Kecia Lewis-Evans and Leslie Odom, Jr in the L.A.
production of the show
Composer Alan Menken now has three shows running on Broadway, Newsies, Sister  Act and Leap of Faith  It is just too bad that the score for Leap of Faith is the least polished of the three.  Also, the choral numbers for Sister Act are much better and memorable then the ones in Leap.  Now the character songs are pretty good, including a great one in act two for all of the leads, called "Are You On The Bus?," two good duets for Esparza and Phillips, one in each act, "I Can Read You" and "Long Past Dreamin'" and a great song for Lewis-Evans called "Lost."  Unfortunately Raul's big act two solo called "Jonas' Soliloquy" could be a little better.  Lyricist Glenn Slater has some good lyric rhymes but could work on some of Jonas' songs to make the lyrics fit the music better.

The set design by Robin Wagner includes a revival tent that is built before our eyes as well as a few set pieces that slide on and off.  The set also features ramps and stairs that go out into the audience as well as up into the mezzanine.  But the revival tent set piece is the focus here and moves in various positions throughout the show.  Costumes by William Ivey Long are fine and include a mirrored suit jacket for Jonas to wear at one point.

The show is one of those shows where act two is actually better than act one.  It might be because a lot of what happens in act one is repetitive since we already know at the beginning just who Jonas is so we don't need to keep being told that over and over again.  In the second act we see the changes all of the characters make as well as really have a more emotional connection to the material.  There are also a couple of really nice theatrical moments toward the end of the show that continue on into the curtain call.  So while I was somewhat moved by the last 15 minutes of the show a lot of what came before that was muddy, unfocused with some musical moments that were bland or repetitive.   Hopefully director Christopher Ashley can firm up the issues with the show before it opens in two weeks as there is a good show within the preview performance we saw that with the right bit of editing and work can easily shine through.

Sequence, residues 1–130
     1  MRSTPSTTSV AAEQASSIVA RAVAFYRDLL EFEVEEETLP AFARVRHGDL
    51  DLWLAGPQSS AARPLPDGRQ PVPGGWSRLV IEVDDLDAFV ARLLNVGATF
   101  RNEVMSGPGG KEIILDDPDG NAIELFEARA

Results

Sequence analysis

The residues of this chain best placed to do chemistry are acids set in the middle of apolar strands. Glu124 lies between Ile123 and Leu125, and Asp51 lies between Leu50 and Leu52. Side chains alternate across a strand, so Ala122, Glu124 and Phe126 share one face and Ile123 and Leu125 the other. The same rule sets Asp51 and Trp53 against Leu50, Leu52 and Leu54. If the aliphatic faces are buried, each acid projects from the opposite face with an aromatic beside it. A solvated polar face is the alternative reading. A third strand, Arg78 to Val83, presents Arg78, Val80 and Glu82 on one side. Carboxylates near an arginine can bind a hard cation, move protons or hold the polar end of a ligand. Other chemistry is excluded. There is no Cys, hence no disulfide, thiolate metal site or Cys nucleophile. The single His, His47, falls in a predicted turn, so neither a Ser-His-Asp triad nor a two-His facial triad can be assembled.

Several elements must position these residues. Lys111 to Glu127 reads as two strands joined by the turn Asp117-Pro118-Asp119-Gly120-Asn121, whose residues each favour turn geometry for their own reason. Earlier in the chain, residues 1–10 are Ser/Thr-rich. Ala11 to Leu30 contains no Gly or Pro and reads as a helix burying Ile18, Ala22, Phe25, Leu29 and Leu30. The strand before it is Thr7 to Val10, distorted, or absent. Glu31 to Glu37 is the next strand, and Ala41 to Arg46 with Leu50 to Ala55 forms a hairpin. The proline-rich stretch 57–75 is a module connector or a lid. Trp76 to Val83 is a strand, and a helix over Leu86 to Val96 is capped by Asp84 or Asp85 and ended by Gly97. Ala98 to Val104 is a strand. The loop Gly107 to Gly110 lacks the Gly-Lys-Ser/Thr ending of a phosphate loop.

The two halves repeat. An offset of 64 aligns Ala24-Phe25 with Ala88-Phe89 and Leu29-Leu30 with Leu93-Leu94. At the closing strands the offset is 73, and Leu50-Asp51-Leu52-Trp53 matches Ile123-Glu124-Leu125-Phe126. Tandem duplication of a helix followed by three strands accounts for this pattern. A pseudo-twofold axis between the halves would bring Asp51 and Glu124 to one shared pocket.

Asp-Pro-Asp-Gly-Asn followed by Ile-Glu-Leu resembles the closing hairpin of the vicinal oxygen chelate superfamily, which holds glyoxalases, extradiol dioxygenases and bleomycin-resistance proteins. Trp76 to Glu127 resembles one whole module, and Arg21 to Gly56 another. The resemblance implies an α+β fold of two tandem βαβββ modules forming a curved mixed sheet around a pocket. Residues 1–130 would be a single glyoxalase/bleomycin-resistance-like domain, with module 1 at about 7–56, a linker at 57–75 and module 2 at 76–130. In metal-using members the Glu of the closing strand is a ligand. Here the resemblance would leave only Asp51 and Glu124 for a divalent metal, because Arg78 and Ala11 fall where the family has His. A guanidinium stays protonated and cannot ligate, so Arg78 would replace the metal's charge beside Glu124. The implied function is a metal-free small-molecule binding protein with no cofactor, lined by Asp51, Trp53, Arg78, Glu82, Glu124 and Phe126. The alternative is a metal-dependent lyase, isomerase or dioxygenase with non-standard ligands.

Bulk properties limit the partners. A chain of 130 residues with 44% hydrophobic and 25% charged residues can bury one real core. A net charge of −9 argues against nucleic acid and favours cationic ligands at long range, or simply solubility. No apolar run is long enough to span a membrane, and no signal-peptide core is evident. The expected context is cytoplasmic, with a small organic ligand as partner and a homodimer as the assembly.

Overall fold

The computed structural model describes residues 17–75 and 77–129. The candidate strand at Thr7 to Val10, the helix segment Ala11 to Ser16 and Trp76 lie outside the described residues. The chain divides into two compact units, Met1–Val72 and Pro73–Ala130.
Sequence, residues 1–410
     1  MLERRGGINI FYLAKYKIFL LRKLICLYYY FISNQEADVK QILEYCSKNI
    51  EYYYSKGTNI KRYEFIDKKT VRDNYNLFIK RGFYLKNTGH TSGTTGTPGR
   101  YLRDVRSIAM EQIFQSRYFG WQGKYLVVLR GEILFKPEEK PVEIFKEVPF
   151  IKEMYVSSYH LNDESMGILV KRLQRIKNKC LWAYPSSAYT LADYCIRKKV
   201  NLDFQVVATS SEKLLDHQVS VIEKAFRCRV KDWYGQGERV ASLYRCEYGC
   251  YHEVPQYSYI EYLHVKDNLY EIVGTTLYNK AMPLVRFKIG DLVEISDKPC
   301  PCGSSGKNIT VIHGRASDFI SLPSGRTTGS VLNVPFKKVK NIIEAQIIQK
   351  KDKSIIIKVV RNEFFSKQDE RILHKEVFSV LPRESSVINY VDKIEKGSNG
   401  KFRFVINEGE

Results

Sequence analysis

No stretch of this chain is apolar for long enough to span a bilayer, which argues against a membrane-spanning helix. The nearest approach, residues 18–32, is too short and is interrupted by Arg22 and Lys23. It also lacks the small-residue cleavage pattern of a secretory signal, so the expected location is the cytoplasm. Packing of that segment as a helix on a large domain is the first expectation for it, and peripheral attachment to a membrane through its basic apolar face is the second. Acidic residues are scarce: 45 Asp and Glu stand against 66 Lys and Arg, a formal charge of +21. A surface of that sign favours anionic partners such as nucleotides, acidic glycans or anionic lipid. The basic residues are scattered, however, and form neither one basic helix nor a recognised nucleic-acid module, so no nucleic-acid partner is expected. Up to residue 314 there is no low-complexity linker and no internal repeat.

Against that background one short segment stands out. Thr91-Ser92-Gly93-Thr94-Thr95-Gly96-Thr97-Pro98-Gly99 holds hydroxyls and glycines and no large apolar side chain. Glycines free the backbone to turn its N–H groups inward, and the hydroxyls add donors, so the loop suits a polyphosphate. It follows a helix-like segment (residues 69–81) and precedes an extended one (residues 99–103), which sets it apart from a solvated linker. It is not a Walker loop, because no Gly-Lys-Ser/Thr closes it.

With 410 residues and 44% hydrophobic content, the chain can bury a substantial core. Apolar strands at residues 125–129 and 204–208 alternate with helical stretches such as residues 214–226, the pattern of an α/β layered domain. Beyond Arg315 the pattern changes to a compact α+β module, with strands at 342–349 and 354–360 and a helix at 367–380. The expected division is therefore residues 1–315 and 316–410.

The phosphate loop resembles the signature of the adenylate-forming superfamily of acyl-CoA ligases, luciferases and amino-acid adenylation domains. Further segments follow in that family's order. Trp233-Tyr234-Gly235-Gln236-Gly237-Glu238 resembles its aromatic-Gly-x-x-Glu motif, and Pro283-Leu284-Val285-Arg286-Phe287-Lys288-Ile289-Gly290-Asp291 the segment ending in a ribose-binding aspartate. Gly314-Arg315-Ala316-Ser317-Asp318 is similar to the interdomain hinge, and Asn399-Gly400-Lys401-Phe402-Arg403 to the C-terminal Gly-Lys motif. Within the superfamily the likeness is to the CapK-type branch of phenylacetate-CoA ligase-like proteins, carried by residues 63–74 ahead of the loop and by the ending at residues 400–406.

But no matter the issue I had with the material, it is Esparza's show, and his energy in the role as well as his interactions with Phillips and the other lead actors, especially with young Ackerman, is excellent and I think he will easily see his fifth Tony nomination for this role if not finally winning a well deserved Tony for this performance.  While on one hand I kinda see this show as equivalent to last years Catch Me If You Can, and like that show it might walk away with a lead Tony win, nothing else and be closed by Labor Day.  But while I liked Catch Me better than Leap of Faith, there is a somewhat more emotional connection to this show and the audience around me was having a great time, so this show might just catch on and have a healthy run.

Official Show Site compilation of behind the scenes interviews and rehearsal performance footage: